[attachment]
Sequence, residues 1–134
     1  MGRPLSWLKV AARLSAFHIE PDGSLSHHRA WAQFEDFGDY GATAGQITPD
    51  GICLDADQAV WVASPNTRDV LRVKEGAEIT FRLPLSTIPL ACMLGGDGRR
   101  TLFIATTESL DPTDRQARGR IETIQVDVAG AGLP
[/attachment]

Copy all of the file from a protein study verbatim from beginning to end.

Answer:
Sequence, residues 1–134
     1  MGRPLSWLKV AARLSAFHIE PDGSLSHHRA WAQFEDFGDY GATAGQITPD
    51  GICLDADQAV WVASPNTRDV LRVKEGAEIT FRLPLSTIPL ACMLGGDGRR
   101  TLFIATTESL DPTDRQARGR IETIQVDVAG AGLP